Why Taxes on Some Dividends Are Higher Than Others
Investors are relying on dividend-paying investments now more than ever to get the income they need. But many get confused about why there are so many different tax rates that apply to dividend investments.
In the following video, Dan Caplinger, The Motley Fool's director of investment planning, goes through the rules, pointing out that rates of 0%, 15%, or 20% can apply to qualified dividends on ordinary stocks that are eligible for preferential rates. These stocks include not only high-yielding Frontier Communications and other U.S. income-producing stocks but also U.S.-listed foreign stocks like BP . Dan also notes that Annaly Capital , American Capital Agency , and other real-estate investment trusts often produce ordinary income because of their status as pass-through entities. Moreover, Dan goes through the taxation of Kinder Morgan Energy Partners and other master limited partnerships, which incur different types of taxes on their distributions because of the special rules applying to energy companies. Dan concludes that unless you use a tax-deferred account, keeping track of all these rates is important to make sure you know how much tax you'll have to pay.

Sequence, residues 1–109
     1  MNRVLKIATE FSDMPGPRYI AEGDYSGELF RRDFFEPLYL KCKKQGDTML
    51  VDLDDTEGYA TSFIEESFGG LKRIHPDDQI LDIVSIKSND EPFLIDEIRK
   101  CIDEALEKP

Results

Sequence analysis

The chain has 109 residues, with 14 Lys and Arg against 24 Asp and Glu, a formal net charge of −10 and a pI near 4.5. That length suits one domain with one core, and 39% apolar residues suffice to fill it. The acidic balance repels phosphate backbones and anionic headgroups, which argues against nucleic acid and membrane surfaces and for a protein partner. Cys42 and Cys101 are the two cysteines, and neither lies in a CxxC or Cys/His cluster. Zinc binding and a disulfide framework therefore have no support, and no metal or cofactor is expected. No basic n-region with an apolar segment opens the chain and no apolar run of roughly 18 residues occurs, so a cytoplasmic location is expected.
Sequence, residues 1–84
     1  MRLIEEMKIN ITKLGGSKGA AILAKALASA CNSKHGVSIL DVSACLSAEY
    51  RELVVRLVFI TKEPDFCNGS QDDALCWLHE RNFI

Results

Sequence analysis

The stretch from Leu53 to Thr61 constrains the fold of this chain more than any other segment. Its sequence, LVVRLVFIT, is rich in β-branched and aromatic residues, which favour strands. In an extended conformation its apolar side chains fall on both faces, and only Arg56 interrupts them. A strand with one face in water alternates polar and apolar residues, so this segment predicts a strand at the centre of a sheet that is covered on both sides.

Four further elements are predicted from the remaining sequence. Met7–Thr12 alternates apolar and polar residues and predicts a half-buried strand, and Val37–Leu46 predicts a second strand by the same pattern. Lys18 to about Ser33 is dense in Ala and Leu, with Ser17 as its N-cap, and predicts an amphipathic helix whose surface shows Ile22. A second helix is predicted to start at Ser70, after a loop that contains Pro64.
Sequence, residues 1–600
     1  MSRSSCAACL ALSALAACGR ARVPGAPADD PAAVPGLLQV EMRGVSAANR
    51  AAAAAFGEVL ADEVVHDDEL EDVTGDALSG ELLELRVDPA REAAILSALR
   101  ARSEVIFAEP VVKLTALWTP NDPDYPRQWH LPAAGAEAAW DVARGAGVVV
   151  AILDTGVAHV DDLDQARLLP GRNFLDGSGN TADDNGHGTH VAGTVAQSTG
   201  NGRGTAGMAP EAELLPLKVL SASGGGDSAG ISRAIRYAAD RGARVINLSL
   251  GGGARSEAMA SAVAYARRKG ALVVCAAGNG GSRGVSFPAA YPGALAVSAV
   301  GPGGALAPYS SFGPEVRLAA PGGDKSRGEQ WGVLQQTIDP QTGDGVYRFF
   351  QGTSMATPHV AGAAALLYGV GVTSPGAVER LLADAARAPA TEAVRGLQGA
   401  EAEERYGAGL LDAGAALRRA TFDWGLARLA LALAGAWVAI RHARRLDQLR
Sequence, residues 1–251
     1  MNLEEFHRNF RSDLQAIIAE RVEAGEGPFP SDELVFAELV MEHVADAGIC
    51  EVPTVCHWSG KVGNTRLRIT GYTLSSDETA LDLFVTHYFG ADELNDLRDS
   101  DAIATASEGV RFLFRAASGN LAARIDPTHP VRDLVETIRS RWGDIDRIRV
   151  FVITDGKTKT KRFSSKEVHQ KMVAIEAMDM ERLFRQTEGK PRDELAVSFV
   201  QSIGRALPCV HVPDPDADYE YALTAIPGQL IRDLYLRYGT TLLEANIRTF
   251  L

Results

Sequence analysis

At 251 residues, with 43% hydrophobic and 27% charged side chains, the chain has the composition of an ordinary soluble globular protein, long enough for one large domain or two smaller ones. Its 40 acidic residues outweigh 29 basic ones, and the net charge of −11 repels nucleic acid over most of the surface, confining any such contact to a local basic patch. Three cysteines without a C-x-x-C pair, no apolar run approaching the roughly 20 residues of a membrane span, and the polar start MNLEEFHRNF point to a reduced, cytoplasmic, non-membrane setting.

Which dividend stocks are the best?
Regardless of taxation, dividend stocks are still a smart move for most investors. Indeed, one of the dirty secrets that few finance professionals will openly admit is that dividend stocks as a group handily outperform their non-dividend-paying brethren. However, knowing this is only half the battle. The other half is identifying which dividend stocks in particular are the best. With this in mind, our top analysts put together a free list of nine high-yielding stocks that should be in every income investor's portfolio. To learn the identity of these stocks instantly and for free, all you have to do is click here now.
The article Why Taxes on Some Dividends Are Higher Than Others originally appeared on Fool.com.Dan Caplinger and The Motley Fool have no position in any of the stocks mentioned. Try any of our Foolish newsletter services free for 30 days. We Fools don't all hold the same opinions, but we all believe that considering a diverse range of insights makes us better investors. The Motley Fool has a disclosure policy.
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